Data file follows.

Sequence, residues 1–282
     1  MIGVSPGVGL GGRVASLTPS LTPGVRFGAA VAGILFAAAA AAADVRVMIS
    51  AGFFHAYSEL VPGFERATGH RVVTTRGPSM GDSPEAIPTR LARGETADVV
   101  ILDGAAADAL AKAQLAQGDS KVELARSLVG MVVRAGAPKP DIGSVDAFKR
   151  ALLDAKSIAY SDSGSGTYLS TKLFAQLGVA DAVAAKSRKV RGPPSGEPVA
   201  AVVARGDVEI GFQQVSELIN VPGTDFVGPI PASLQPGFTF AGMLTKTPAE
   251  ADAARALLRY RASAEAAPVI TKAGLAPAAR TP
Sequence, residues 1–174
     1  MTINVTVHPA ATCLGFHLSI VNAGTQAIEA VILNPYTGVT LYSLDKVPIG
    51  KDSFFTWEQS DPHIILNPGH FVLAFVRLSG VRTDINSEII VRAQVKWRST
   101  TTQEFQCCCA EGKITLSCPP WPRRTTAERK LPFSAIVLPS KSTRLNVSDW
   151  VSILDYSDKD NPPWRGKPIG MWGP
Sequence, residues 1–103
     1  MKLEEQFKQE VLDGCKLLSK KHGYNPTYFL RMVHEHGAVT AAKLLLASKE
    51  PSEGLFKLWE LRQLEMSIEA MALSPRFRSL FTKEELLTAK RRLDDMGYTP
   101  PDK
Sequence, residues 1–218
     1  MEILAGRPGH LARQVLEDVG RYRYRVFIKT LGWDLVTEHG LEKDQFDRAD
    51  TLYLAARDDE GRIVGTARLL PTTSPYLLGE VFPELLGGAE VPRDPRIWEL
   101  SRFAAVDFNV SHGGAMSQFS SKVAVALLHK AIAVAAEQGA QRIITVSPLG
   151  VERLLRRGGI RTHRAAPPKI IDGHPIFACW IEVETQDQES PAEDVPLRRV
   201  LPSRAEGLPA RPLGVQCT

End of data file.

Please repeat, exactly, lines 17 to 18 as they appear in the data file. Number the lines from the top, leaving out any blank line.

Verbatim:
Sequence, residues 1–218
     1  MEILAGRPGH LARQVLEDVG RYRYRVFIKT LGWDLVTEHG LEKDQFDRAD